Saturday, September 14, 2019

Texaco, Longmire Drive

Picture by author, September 2019

One more story before a major rewrite of the post on the College Station Walmart is done, the gas station on the corner of Longmire and FM 2818, southeast corner. Originally addressed as 1600 FM 2818 before becoming 2201 Longmire Drive, the gas station opened after Walmart but before Albertsons, opening around 1989 as perhaps the last "original" Circle K store to be built in the area. By the time Circle K left the area in 1999 and sold the stores to Duke & Long as mentioned in the post on Circle K Truxtop, the Circle K stores in Houston were long gone, having sold those to National Convenience Stores, which rebranded them as Stop N Go, which ultimately turned out to be a fortuitous move as whatever was left of those stores plus new ones were re-taken by Circle K within the last year as of this writing.

As for this store, the name eventually gave way to "Handi Stop" after Everyday, with the Conoco trading in its name for Diamond Shamrock (the last prototype with an italicized logo) in the early 2000s and Texaco taking command in the late 2000s as new owner Valero discontinued the Diamond Shamrock name, a move surely unnoticed by the former "Sevcik's Texaco" across the street.

Friday, September 13, 2019

Antonio's Pizza by the Slice

Picture from summer 2013.

Originally posted over at this page, Antonio's Pizza by the Slice is actually a branch of an East Coast pizza chain with no locations in New York, but in Massachusetts and New Hampshire, and of course, College Station, Texas.

Antonio's has been at Northgate for a while, at least as far back as 2004 (somewhere in that time period), and back then, College Main was a normal road with sidewalks, bike lanes, and two functional traffic lanes. That was until College Station decided to turn their half of College Main into a pedestrian mall while the Bryan side of College Main was made into an attractive roadway with nice lighting, concrete, and bike lanes. The "new" College Main is a charmless void, without even a single tree and basically serves as another bar-hopping plaza like the main Northgate Promenade.

According to archival city documents, the site of Antonio's was a bicycle shop in 2003 (it appears to be the first location of Cycles Etc.), and previous tenants include Byte Me Computers circa late 1997 (and in a 1996-1997 Chamber of Commerce Directory, it was "Software and Hardware Exchange"), and in 1995 split between Lacey's (jewelry store) and "Perfect Tan III". A 1995 document estimates the construction at 1930, BCAD says 1952 but an archival photo that shows Court's University Shoe Repair in the space.

A 1990 planning document also mentions a proposed Thundercloud Subs in the space, but I'm not sure it ever opened. It did however, open next to Albertsons.

Like many a student, it was Antonio's at my time at A&M, fairly inexpensive (at least prior to 2014), decent-tasting pizza with large slices and, unlike what many of the campus establishments had, Coca-Cola products. It's been a while since I had Antonio's, and I can't really say anything particularly good or bad about it. If you arrived at this site, hoping for a review, sorry.

Wednesday, September 11, 2019

Arby's Southwest Parkway

This picture was taken back in 2013.

Arby's sole College Station location (and Bryan, too, though they briefly had one of their own) was built in 1984 at 1800 Southwest Parkway with a new addition around 1999 that added a large, modern facade (I remember being very impressed with the remodeled restaurant, but I don't think the restaurant seating was enlarged). Arby's has stayed put even with major closures which did a number on the Houston area, some looking like this or even newer, and this store has not received the newer logo yet (thankfully). I don't recall what the old restaurant looked like, but I'm pretty sure it was closer to this one in San Marcos, except with a more brown-ish colored roof.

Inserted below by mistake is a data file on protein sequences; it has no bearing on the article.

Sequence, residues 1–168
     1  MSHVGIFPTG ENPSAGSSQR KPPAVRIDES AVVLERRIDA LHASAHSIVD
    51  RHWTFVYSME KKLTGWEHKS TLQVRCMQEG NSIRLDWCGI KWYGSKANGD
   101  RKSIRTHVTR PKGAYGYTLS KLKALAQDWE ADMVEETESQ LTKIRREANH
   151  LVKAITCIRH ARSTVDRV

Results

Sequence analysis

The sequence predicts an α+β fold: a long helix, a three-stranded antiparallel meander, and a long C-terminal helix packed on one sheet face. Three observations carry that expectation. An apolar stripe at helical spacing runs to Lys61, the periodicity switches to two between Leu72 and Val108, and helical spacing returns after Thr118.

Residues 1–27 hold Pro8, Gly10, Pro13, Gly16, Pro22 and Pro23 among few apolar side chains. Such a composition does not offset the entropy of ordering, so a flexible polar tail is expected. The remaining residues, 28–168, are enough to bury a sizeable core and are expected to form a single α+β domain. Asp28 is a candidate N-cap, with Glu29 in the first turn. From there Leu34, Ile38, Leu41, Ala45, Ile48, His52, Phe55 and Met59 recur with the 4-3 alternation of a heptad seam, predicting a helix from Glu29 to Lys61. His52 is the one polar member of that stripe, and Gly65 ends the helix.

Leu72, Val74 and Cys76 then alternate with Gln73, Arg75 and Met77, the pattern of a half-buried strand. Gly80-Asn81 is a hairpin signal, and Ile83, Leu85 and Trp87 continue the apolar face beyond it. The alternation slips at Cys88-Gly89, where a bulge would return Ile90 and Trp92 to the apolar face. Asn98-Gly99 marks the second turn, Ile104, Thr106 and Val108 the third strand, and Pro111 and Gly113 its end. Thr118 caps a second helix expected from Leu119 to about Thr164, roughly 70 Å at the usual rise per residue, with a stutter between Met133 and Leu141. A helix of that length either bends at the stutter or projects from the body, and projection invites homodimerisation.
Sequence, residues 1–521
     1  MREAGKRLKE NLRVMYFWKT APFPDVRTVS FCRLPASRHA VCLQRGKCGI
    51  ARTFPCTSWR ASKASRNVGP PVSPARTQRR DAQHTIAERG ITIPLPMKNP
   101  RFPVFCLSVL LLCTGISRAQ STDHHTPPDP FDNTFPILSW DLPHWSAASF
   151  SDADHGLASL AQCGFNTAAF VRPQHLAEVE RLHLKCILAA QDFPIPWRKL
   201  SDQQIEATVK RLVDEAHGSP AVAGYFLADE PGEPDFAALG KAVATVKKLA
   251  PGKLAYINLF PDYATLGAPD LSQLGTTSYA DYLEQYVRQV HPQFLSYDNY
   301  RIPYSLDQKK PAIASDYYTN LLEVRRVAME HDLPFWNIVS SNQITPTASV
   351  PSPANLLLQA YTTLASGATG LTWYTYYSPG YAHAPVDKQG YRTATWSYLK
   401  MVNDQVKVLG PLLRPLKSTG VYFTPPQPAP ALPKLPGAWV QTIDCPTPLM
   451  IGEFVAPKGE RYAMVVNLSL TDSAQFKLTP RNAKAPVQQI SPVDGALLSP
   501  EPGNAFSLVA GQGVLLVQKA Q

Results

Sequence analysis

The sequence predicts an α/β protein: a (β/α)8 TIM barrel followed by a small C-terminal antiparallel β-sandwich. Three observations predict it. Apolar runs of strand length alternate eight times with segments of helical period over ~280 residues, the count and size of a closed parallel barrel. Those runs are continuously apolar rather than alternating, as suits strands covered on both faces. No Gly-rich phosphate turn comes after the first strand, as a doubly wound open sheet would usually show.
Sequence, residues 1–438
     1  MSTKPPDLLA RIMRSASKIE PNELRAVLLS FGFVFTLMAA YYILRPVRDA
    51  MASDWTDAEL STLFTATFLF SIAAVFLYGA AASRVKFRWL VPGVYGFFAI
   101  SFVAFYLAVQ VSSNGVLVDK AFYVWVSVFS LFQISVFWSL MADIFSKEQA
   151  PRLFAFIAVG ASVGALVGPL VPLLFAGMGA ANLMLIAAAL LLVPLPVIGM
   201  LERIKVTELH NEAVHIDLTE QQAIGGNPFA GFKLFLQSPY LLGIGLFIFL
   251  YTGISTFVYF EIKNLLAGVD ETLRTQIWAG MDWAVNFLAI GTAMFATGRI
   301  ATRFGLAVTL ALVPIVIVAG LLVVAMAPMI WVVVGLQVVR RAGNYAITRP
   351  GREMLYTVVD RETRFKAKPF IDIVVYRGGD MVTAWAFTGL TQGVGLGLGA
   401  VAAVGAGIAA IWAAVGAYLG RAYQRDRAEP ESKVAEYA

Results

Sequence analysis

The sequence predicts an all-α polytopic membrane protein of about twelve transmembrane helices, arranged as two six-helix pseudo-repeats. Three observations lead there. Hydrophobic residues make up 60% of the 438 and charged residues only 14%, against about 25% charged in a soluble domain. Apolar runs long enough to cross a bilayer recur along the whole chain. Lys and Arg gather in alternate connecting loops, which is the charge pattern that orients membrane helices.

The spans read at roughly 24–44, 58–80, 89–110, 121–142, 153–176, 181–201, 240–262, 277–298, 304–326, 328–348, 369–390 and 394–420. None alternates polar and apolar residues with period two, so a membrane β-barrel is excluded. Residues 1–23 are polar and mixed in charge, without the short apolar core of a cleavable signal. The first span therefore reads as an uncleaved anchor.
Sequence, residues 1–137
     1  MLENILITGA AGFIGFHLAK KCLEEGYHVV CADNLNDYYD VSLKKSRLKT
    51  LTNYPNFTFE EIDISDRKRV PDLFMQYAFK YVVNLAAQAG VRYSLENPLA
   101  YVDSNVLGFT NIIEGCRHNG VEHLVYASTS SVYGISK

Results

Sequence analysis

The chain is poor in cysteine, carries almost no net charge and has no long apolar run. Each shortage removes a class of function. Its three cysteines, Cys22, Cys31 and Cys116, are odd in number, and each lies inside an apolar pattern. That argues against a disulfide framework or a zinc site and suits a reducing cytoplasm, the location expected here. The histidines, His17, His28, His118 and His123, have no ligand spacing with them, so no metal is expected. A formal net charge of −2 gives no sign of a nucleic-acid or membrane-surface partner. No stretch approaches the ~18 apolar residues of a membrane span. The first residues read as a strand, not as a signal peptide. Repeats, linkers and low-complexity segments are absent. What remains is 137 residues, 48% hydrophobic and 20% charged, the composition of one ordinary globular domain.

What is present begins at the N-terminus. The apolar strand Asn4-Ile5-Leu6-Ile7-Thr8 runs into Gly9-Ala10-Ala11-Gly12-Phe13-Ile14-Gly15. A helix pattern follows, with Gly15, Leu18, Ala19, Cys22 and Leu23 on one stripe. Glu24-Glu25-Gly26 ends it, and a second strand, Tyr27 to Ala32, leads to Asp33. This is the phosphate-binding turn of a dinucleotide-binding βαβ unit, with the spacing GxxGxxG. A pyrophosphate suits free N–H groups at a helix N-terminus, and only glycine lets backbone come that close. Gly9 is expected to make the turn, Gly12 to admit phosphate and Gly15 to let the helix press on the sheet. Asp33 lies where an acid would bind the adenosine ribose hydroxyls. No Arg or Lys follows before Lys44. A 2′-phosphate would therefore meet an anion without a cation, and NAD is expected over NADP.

Sunday, September 8, 2019

Notes-N-Quotes

Remember back in the good old days of 2013 when University Drive wasn't a completely awful road to drive through?


Editor's Note: I admit to cutting a number of articles from the site, with the number as high as 30. Most of them were old, outdated stuff that had the content removed for years anyway and other things nobody actually cared for (that could describe this entire site, but I digress). One of these was entitled "Northgate: University Drive", which I intended to keep for a while (see the "Unupdated Index", still with about 25 articles as of this writing) but a bizarre bug wiped out a few years worth of updates. Enjoy this post that was vastly expanded from the original material written for the University Drive post.

For years, this was the home of Notes-N-Quotes, from 1992 to around 2015 when it shut down the University Drive storefront. Technically, the old website has a link to where you can still buy the flagship product⁠—classroom notes packets⁠—but the phone number is for Paradigm Books out of Austin.

Prior to Notes-N-Quotes it was a gas station, with it being listed in a 1989 directory as Dean's Exxon, and a 1959 newspaper article (the gas station was built in 1956) mentions it was a Humble originally, a name later retired for the Enco name (and eventually Exxon). The gas station likely closed when the road was rebuilt the last time (an etching near the curb gave an Aggie's graduating year as 1988, barely visible on Google Maps Street View, and only the old one). The driveways were cut off likely during this time.

In the picture above (taken by the author), you can see the Jin's/Lippman building pre-fire and the auxiliary bank building.

Since Notes-N-Quotes closed, it has been mostly vacant, only serving occasionally as apartment leasing. What will be the permanent future of the building?